Vladimir Guerrero – Hall Bound
Vladimir Guerrero, the best “bad ball” hitter of my generation and possibly in the history of the sport, is nearing 2,500 hits, many of which came from pitches above his head and below his feet. And, I mean that literally. During the 2009 post-season Cal Ripken Jr. commented during a TBS post-game report that Guerrero was the “best bad-ball hitter he’s ever seen,” after witnessing a base hit on a pitch that bounced in the dirt before reaching the plate.
In terms of worthiness into baseball hall of fame I will start and end the debate with the fact that there are only five players in the history of baseball that have finished with 400 home runs and a career bating average above .315; Babe Ruth, Jimmie Foxx, Ted Williams, Lou Gehrig, and Stan Musial. Guerrero has already reached the 400 home run mark and has a lifetime batting average of .322.
The former MVP winner has twice been in the 30/30 club falling just one home run shy of joining the 40/40 club. In terms of being a feared hitter from opposing pitcher you need not look any further than his 247 career intentional base on balls, which puts him atop the list of active players and 4th all-time behind Bonds, Aaron and McCovey. He was just voted this past week to his 8th all-star appearance and is on pace for his 8th silver slugger award. Moreover, Guerrero has finished in the top 10 in most valuable player awards 6 times, batting average 7 times, and slugging percentage 9 times.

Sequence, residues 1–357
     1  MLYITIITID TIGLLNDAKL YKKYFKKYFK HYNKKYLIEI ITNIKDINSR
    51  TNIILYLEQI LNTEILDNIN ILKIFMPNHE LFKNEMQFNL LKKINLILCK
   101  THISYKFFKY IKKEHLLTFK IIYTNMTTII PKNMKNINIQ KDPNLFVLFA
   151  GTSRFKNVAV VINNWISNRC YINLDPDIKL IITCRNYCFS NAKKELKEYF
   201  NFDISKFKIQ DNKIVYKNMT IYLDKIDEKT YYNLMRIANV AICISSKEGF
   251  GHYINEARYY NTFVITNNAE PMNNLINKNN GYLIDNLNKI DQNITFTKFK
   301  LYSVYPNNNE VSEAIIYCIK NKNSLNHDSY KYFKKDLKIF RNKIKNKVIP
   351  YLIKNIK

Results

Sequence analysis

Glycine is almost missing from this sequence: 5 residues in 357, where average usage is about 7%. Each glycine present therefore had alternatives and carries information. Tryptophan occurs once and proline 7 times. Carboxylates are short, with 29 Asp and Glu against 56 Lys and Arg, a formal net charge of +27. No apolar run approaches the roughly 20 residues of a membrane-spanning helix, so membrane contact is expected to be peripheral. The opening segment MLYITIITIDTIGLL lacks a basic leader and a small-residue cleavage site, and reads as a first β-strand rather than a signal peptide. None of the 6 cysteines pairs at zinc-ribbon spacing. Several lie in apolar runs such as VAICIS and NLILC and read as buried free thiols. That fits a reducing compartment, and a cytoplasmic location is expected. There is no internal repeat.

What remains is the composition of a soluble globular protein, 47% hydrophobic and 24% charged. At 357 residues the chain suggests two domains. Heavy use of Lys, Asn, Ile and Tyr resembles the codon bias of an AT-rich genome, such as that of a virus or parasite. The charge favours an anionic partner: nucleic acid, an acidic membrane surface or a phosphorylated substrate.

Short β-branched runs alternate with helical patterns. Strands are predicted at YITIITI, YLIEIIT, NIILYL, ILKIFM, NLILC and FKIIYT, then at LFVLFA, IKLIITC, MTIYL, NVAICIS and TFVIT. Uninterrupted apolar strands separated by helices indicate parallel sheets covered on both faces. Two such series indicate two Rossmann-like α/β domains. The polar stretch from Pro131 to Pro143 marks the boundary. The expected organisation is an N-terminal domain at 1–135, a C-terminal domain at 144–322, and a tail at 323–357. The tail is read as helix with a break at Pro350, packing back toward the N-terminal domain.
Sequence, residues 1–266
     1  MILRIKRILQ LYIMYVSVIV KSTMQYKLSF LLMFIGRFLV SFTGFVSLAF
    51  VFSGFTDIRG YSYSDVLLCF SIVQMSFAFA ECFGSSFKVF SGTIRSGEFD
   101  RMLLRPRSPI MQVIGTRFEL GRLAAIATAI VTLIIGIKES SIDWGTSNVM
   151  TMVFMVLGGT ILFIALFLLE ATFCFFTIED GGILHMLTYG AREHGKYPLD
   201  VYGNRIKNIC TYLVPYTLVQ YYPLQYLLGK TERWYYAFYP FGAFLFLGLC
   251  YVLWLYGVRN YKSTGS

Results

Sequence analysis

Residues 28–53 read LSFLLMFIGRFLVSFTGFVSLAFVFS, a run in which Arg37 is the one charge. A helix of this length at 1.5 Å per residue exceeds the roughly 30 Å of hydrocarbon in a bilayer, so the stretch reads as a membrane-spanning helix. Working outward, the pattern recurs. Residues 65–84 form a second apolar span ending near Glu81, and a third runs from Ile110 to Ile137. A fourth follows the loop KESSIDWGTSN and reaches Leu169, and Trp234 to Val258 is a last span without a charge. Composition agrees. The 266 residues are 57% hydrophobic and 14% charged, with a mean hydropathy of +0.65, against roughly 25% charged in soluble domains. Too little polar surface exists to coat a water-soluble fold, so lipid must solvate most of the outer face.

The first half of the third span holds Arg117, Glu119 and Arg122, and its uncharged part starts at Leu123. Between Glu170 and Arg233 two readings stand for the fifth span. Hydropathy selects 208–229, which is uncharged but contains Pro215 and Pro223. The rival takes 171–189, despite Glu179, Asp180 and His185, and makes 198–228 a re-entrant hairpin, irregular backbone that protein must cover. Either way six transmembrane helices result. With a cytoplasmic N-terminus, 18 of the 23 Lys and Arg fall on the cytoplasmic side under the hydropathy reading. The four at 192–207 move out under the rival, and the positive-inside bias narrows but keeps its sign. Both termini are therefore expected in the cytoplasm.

Vlad may not be a first ballot hall of famer but when looking at his Hall of Fame Statistics he is a virtual shoe-in in 3 of the 4 standards, the only exception being his Black Ink score, which only takes into consideration the times you have led the league in a major offensive category.
Black Ink- 6 (Avg HOFer ≈ 27)
Gray Ink- 173 (Avg HOFer ≈ 144)
Hall of Fame Monitor- 188 (Avg HOFer ≈ 100)
Hall of Fame Standards- 56 (Avg HOFer ≈ 50)
Unfortunately, Vlad played in the Steroid Era which had a negative affect on his Black Ink score finishing behind Barry Bonds, Manny Ramirez, David Ortiz, and Sammy Sosa on multiple instances in home runs, slugging percentage and total bases. I will also add that he finished behind Todd Helton in 2000 (who hit .391 at home) and Larry Walker in 2002 (who hit .362 at home) in batting average and on-base percentage.
With that said he currently sits 14th all time in career slugging percentage and 21st all time in career on base + slugging percentage. According to the Keltner List, which is an extremely subjective guide to answering whether or not a player is good enough for the hall of fame, in the case of Vladimir Guerrero the answer is a firm yes.